Officials of the African Development Bank (AFDB) have assured Government of Botswana that the Bank has offered to support them in laying firm foundations for a more competitive and diversified growth in spite of the challenges the country is facing.
To confirm this, Arnold Madikwe, Director of International Economic Policy Coordination, said, “We have also recently negotiated a loan agreement with the bank to the tune of Euro 153 million as part of the Government Equity contribution to Morupule B Power Station.”
The funding structure of the project, meant to address Botswana’s energy requirements, is 50% debt and 50% equity.
Explaining the decision to help keep Botswana afloat amidst the tumultuous global financial and economic crisis of which the country has not been spared, AFDB lead Economist Dr. Andrew Mwaba, prefaced it by acknowledging Botswana’s “decades of robust growth and huge budget surplus.”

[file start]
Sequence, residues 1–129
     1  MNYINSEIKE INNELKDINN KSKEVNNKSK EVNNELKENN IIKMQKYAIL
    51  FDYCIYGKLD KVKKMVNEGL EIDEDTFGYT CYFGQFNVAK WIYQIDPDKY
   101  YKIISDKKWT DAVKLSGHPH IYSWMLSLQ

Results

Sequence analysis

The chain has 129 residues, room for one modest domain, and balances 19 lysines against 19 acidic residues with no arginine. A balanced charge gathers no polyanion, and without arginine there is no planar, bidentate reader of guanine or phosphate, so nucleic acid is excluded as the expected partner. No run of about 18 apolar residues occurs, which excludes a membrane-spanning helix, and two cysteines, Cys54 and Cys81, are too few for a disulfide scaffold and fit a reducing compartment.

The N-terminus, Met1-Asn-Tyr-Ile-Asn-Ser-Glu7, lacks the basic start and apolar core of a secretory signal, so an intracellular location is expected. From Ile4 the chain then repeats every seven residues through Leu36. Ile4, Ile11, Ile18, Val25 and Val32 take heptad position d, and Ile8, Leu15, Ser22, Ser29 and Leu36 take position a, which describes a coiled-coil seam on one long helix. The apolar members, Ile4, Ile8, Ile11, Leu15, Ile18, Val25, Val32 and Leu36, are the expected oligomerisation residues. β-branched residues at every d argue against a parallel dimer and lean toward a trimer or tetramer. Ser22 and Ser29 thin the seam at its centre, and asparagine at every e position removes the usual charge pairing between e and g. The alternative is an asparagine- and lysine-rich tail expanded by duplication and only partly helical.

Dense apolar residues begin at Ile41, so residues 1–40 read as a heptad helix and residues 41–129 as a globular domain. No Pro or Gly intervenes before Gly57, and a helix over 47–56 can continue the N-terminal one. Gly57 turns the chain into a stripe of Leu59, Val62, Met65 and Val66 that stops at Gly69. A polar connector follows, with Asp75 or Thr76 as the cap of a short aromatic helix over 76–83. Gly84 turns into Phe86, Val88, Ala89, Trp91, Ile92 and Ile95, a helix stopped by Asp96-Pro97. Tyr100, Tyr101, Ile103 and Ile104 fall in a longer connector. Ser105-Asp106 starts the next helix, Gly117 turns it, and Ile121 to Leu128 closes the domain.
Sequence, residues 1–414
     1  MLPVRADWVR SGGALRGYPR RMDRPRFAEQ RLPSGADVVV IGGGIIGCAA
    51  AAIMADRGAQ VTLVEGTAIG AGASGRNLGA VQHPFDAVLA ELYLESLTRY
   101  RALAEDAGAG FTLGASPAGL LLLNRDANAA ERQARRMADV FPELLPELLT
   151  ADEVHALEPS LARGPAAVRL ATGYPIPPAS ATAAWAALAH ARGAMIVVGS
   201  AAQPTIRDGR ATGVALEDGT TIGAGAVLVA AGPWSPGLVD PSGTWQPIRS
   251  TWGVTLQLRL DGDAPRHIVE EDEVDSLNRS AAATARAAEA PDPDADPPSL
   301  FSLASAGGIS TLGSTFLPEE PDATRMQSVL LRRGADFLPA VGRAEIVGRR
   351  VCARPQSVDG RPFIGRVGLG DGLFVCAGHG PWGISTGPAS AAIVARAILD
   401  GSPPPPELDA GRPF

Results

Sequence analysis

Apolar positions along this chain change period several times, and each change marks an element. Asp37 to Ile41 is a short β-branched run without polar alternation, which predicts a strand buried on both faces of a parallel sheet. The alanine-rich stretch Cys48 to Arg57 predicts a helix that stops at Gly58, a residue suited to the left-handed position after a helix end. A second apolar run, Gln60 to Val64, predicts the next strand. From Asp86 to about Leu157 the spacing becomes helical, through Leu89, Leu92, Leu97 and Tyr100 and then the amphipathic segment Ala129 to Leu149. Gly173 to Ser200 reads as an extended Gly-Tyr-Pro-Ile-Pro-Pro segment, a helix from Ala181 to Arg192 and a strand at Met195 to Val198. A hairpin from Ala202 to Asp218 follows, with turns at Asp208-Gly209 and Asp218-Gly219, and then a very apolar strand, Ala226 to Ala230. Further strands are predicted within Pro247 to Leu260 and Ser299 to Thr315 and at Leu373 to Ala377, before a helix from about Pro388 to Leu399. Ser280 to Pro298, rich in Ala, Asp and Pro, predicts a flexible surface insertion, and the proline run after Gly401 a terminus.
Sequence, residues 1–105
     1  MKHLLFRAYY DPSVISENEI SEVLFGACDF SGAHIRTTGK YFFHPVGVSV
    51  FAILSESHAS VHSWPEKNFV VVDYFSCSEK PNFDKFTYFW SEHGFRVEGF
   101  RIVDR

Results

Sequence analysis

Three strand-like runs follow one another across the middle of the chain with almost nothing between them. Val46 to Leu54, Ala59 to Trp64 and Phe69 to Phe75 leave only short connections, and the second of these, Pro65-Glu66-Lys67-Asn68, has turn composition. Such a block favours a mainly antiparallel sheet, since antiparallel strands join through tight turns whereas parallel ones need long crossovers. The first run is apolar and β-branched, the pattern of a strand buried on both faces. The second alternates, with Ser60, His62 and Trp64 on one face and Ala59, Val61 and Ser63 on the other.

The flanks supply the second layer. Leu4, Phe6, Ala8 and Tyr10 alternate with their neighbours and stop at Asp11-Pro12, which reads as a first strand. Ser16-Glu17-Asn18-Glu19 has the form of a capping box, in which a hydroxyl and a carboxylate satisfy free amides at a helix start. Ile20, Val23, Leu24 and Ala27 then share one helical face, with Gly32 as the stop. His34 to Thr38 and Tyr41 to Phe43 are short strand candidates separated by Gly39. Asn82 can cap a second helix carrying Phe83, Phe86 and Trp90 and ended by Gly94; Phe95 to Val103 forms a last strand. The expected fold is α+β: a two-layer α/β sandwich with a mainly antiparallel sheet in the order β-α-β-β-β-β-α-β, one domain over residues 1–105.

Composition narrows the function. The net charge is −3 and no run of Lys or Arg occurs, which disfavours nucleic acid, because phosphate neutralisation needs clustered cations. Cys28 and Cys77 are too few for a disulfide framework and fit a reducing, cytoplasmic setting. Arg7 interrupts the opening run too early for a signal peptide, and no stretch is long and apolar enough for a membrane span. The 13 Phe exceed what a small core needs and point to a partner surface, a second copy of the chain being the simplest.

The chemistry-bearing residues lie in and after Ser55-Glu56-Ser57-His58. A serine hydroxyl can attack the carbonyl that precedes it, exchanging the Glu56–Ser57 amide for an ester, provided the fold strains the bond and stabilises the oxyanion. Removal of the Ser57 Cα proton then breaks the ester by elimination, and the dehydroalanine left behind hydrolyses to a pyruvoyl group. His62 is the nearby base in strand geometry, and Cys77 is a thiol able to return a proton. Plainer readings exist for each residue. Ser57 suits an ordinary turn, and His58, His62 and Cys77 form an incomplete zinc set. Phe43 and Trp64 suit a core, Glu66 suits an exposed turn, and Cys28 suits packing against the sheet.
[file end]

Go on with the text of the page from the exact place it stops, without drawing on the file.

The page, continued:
He said, “These are being put to the test by the global financial crisis, which as the Country Paper Strategy (CSP) indicates, have resulted in sluggish demand for and consequently, decline in the prices of diamonds, which are the mainstay of the economy.”
Due attention was also given to the fact that the country’s real Gross Domestic Product (GDP) has nosedived from 5.3% in 2007 to a lowly 3.3% in 2008.
Moreover, the country had to and continues to run budget deficits starting the financial year, 2008/2009 through to 2010/2011.
Apparently, the budget deficit for 2009/2010 alone is estimated at BWP 13.4 billion, which translates into 13.5% GDP.
On account of this, and the need to mitigate the short term financing gap as the country tries to get over with the impact of the global financial crisis, the AFDB presented the CSP for Botswana at a workshop for that purpose last week, that had been a subject of discussion between GOB and the Bank for some time.
Towards this end, a two angled approach was proposed by the paper as a way of helping the midst of the crisis, while at the same time creating an environment for a more competitive diversified economic growth.
The strategy entailed supporting actions to expand private sector investment and removing infrastructure bottlenecks to enhance robust economic advancement.